If Meenakshi Srinivasan's ability to communicate through abhinaya was remarkable, Kathak dancers Kaveri Sageder and Sheetal Kolwalkar wowed audiences with their charming stage presence.
The Kapaleeswarar temple has a unique aura that makes for an immediacy of the reach of the arts. And it was here that the Saraswati Educational Cultural and Charitable Trust had organised the Vasanta Utsav festival.
On the inaugural day, the motley crowd could hardly miss the burning zeal and the high degree of sophistication of Meenakshi Srinivasan's Bharatanatyam. A disciple of Guru Venkatachalapathi and subsequently Alarmel Valli, Meenakshi has established a reputation for sincerity and expertise with her performances around the world.
The programme planning and performance seemed to target the temple audience and factored in the absence of trappings such as the stage and curtain. Her recital that day revolved largely round Lord Siva and His consort. Abhinaya and nritta were given a balanced treatment. What stood out in Meenakshi's performance was the ability to create, communicate and sustain a particular mood without a single wrinkle.
Thus the opening number ‘Ananda Natana Prakasham' in Kedaram could draw in the bliss as well as the contemplative nature of the Lord. The next number, a varnam, spotlighted the sringara aspect without losing sight of the divine nature of the beloved. Dhandayudhapani Pillai's ragamalika ‘Samiyai Azhaithodi Vaa' was interpreted as a dialogue where the sakhi's lack of comprehension of Siva's magnificence paved the way for the nayika to enlighten her. The choreography showed attention to detail: for instance, the Ardhanareeswara was depicted by contrasting the fiery locks of Siva with the long braid of the goddess.
It was obvious that showmanship was a leading criterion here: following what seems to be today' s trend, the adavus for the theermanams were structured so that the artist was always hurtling around the performing space. One hardly got to witness a whole adavu; instead the long, complex patterns with different nadais were offered as incessant combos of different kinetic adavus. While one was full of admiration for the superb stamina and dedication of the artist (given that this is summer), one also wished some moments of calm had been built in.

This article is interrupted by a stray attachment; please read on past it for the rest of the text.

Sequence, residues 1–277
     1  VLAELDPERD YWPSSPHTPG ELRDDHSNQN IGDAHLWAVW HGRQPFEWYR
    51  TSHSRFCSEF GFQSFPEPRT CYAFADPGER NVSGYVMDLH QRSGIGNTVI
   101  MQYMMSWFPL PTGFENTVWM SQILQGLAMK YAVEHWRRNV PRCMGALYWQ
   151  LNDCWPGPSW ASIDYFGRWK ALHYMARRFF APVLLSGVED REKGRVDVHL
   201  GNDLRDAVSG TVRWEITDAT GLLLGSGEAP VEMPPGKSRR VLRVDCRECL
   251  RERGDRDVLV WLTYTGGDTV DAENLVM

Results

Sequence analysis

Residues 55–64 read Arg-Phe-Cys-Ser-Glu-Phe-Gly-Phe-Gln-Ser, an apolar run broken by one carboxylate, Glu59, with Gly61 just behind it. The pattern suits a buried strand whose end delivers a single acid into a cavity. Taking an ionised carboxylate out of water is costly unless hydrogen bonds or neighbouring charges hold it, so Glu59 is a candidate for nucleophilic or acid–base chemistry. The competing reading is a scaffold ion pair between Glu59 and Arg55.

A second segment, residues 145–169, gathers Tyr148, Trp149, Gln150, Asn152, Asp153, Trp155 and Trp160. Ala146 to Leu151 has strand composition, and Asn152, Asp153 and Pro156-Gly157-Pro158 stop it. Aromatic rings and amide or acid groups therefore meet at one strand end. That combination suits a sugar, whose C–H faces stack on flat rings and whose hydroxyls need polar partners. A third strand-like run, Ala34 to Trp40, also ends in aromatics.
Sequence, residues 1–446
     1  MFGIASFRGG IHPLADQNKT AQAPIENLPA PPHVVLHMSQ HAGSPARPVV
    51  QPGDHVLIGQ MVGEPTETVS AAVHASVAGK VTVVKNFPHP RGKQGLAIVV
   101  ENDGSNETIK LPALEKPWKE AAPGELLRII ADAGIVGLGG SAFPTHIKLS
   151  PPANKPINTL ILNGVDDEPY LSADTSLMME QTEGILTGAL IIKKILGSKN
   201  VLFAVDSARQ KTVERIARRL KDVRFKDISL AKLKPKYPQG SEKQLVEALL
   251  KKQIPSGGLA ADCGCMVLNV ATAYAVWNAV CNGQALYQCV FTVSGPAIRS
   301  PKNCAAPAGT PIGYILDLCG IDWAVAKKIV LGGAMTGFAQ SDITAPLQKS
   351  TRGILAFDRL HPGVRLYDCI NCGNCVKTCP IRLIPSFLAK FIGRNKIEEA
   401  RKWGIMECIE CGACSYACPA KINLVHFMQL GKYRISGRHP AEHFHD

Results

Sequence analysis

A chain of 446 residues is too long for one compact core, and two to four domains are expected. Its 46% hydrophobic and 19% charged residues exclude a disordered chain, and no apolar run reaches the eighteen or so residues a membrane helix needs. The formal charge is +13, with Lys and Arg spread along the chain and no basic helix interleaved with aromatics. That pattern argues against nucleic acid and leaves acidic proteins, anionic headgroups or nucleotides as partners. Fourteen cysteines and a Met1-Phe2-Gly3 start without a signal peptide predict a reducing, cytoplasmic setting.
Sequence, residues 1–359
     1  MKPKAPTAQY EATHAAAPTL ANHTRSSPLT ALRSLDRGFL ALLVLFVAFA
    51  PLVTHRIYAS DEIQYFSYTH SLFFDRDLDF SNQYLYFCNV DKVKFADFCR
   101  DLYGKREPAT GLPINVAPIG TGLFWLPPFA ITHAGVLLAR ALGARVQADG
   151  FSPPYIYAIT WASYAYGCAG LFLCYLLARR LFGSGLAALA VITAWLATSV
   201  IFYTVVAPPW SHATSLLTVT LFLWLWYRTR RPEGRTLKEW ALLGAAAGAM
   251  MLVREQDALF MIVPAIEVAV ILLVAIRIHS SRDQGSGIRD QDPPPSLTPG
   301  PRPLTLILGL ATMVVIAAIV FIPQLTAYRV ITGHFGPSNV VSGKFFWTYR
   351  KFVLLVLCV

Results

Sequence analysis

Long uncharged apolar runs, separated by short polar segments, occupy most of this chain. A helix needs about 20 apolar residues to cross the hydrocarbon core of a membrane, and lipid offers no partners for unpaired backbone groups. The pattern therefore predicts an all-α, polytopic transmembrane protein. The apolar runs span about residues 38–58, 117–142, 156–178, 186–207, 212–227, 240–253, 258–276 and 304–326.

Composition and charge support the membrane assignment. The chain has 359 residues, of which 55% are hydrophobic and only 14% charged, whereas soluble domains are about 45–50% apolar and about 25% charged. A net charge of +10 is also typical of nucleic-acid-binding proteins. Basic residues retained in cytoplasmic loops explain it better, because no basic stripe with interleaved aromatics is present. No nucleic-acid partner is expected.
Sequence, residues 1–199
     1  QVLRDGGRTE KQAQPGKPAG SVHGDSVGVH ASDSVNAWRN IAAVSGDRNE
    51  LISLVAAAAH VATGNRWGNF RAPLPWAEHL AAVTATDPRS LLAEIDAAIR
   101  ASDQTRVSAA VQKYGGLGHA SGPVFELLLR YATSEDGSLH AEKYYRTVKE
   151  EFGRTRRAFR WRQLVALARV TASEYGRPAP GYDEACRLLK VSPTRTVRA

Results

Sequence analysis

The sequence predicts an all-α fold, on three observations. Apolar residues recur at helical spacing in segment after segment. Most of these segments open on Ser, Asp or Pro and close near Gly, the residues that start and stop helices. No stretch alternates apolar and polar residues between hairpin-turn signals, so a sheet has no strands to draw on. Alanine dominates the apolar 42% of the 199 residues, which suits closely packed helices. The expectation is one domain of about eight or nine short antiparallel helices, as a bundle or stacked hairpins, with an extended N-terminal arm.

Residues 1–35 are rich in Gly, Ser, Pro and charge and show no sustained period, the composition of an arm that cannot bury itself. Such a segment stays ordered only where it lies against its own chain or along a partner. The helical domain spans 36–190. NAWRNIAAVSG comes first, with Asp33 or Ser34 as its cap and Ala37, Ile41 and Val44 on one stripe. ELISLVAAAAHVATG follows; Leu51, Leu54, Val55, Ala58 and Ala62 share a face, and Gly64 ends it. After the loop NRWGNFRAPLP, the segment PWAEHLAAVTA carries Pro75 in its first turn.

The abhinaya was a different story and there were numerous moments where one got to relish the artistic imagination. In ‘Jaya Jaya Durge', the goddess was revered not just as the vanquisher of demons but also of the evils within us. The contrasting images of raudram and vatsalyam were delivered with panache. Similarly, Meenakshi's involvement in abhinaya gave a lift to the Tamil piece ‘Dikku thereiyada kaatil.'
It was in the thillana that the artist revealed her true mettle as the araimandi remained undiluted, the body lines stayed unfrayed as sollu alternated with the lines of the thillana as shudda nritta. The superb orchestral team of vocalist Hariprasad, Jaisri Ramanathan's nattuvangam, Kalaiarasan's violin and Vedakrishnan's mridangam galvanised Meenakshi's dancing to greater heights.
The Kapaleeswarar temple resounded with dha dhindhinda… syllables not often heard in the Chennai air. As devotees turned the corner to the mandapam in the temple, the reason became clear. Kaveri Sageder and Sheetal Kolwalkar, disciples of Shama Bhate from Pune, were presenting a Kathak performance for the Vasant Utsav.
For their performance, they used recorded music of high quality. The music ranged from the classical to semi-classical, and, in their words, 'world music'. Rather than stick to lengthy delineations of taal and its nuances, the duo chose short pieces with more of abhinaya content. Perhaps this was to ensure that the Chennai citizen got to comprehend Kathak better.
It was the dynamic rhythm presentation of teen tal that stole the show. The pieces revealed the dancers' competency in footwork and their control. The introductory number ‘Om Nama Shivaya' followed with the elaboration of teen taal was gripping and impressed the audience with some crystal clear footwork. The five inch wide ghunghroos, the slapping sound of the feet on the granite floor and the whirling skirts of Kaveri and Sheetal projected some weighty fare.
Here, the two dancers presented the ginti, taatakar and taat which helped display their skill and experience. If one came looking forward to some challenging sawal jawab sessions, one left disappointed. For the rest of the programme turned out to be a collection of songs which although pleasing to the eyes, fell short on substance. While they offered some lively dancing, the really weighty points of the Kathak style were left unexplored.
The abhinaya pieces came in quick succession and set a spirited tone. Maestro Bhimsen Joshi's bhajan ‘Krupa sarovar' extolled the compassion of Krishna and the Ganesha stuti rendered by Shankar Mahadevan reflected the creative bent of Lord Siva. But the Mahadev Sutaha became a piece more memorable for the noisy musical effects than the energetic dancing by the duo. The classicism of such features such as the wrist movements and the stylised walk were overshadowed by the light content of the music; sweet to see but powdery as snow. Even if the dancing per se remained undiluted, the end product varied depending on whether the music was classical or not.
The tandav stood out for restrained delivery of Siva's synergy. This piece helped the recital stay on an even keel; the destructive and the creative aspects were powerfully projected through mime and pure rhythm. The finale ‘Vande Mataram' was well performed.